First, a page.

'Social media has changed the world; charities have to keep up'

18 Nov 2016 News

Chris Michaels, head of digital and publishing, British Museum

Charities need to get to grips with social media, particularly video, and find a way to make money from it before it is too late, delegates heard at the Charity Technology Conference. 

Chris Michaels, head of digital and publishing at the British Museum, was giving the lunchtime keynote at Civil Society Media’s annual Charity Technology conference yesterday, when he said that social media had changed the “not just the web but all media”. 

He told delegates that “we have to take this stuff extremely seriously” because it is “not going to change back”. 

He highlight the “explosion in video” as the biggest change to how the internet operates, and that this is a great opportunity for charities to “tell stories” and produce great content. 

Michaels said that charities have to understand social media or risk being left out of conversations. 

An example he said was that Donald Trump won the US presidential election because “because he won the social media war”. 

He said charities could either “decide to participate in, or have no control of whatsoever” online conversations. 

From analysis of activity he said that visitors to the British Museum open Facebook 20 times on average when they visit. 

A massive flip in funding

Michaels said he expects there to be a “massive flip” in sources of funding. 

At the moment he said the British Museum still gets most of its funding from traditional sources, such as ticket sales at the Museum and funding from government.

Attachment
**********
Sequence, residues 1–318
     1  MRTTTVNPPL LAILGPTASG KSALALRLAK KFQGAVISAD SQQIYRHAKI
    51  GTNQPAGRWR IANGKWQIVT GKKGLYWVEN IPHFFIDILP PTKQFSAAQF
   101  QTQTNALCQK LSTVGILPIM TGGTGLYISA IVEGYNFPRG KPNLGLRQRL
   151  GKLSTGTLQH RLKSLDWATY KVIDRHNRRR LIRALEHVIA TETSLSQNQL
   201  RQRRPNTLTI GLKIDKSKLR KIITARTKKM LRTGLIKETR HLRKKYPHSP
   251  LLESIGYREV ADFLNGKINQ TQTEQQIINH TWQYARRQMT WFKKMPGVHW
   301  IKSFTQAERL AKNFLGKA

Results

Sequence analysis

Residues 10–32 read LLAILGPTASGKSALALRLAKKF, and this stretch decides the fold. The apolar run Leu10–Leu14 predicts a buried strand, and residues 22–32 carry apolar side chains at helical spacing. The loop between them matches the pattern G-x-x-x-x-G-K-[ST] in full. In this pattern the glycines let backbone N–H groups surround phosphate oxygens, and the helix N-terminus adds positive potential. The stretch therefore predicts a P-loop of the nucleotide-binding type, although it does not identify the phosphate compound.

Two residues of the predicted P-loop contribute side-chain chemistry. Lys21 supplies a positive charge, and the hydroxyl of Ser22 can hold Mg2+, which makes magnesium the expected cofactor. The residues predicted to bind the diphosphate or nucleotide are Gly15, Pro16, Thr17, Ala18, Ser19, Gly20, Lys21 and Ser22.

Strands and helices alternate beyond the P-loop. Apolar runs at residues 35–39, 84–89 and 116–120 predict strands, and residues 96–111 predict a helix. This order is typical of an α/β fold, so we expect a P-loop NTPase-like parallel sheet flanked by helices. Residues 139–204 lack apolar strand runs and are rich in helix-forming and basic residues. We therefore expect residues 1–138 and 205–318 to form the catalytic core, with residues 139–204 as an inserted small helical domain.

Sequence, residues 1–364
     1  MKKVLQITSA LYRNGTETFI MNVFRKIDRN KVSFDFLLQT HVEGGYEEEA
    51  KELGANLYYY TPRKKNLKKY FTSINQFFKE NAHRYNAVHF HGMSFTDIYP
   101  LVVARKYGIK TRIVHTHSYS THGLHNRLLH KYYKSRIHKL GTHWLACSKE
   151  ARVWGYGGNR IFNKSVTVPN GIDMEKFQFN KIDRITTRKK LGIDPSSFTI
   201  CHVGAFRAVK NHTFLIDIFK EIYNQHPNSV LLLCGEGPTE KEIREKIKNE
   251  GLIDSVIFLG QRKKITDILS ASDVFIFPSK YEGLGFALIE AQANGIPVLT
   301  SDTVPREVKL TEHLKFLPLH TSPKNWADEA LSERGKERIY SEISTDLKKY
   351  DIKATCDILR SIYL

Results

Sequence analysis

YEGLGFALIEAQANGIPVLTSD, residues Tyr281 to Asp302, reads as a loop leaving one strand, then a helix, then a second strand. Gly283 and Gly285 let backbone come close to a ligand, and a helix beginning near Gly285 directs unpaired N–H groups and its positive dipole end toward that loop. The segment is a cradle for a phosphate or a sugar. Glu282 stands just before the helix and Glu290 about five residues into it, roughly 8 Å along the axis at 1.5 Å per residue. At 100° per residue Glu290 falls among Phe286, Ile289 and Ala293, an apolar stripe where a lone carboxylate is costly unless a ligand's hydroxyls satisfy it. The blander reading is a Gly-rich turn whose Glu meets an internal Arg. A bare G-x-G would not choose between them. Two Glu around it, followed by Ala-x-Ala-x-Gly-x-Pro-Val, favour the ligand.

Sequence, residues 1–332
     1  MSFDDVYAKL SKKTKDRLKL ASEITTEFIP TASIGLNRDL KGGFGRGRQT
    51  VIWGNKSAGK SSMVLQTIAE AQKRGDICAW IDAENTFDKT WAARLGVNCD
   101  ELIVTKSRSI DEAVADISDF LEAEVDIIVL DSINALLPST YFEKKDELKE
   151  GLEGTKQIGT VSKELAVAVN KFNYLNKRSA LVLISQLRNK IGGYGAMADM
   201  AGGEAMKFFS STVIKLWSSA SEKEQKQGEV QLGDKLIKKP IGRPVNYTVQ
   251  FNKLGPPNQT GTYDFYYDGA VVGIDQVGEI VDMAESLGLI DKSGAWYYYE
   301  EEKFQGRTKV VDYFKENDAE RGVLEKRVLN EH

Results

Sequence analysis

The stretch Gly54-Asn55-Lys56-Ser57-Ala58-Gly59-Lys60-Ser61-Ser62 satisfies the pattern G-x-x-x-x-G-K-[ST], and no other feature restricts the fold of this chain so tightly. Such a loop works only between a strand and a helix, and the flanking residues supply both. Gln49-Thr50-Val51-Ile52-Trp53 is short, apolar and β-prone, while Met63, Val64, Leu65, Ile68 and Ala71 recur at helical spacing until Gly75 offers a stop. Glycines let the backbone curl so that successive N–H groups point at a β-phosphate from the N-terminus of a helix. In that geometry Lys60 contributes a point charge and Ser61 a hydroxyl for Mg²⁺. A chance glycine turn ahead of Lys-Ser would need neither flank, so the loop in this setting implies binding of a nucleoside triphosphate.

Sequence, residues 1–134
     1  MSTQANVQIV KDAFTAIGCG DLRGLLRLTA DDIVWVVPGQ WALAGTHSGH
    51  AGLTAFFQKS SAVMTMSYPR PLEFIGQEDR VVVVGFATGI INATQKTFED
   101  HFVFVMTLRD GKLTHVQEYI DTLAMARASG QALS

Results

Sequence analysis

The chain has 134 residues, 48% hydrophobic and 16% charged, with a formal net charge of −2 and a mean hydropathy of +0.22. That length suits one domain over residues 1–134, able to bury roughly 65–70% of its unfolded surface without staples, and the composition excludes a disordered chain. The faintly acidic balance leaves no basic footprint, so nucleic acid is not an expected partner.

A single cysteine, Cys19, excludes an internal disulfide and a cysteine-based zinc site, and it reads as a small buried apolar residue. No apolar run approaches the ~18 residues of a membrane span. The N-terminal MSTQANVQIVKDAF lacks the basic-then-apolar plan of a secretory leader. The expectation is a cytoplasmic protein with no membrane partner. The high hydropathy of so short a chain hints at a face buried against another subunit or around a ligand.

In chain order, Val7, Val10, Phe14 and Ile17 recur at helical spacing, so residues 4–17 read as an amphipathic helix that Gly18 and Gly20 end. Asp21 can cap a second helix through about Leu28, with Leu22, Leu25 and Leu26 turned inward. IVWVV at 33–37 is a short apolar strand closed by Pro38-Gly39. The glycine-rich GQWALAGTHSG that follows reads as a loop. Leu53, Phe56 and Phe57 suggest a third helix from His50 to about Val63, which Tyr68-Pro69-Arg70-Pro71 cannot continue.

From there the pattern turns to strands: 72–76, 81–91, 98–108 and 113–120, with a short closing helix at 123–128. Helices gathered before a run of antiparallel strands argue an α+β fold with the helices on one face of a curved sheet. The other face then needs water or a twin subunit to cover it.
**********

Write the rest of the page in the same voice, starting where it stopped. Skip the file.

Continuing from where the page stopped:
But statutory funding is under pressure and visitors expect to engage digitally. 

“I don’t know when it will happen but there will be a massive flip,” he said. And that: “We have to believe we can make money from digital sources.”

Embrace video

He said that if charities don’t learn how to tell stories using video they will be left behind. 

“Video is the most important thing that is taking place in the whole internet,” he said, which is leading to a “fundamental shift in how the web works”. 

More content is produced in video form than in traditional HTML, meaning that “all these web pages might not mean anything in the next five years”. 

When experimenting with Periscope, Twitter’s live video app, the museum discovered that people wanted “direct dialogue with people who understand the issue at hand” rather than a polished presenter.

On Facebook he said it was important to attract people’s attention within three seconds.

The British Museum expects to reach five million views on YouTube this year. 

He advised charities to consider what their mission is before starting to create content to go back to their purpose. 

“Digital too often divorces itself from the history of the organisation,” he said. 

For the British Museum, its mission is to “try and tell the story of all human knowledge” which is why it makes sense to try to reach more of the world using digital. 

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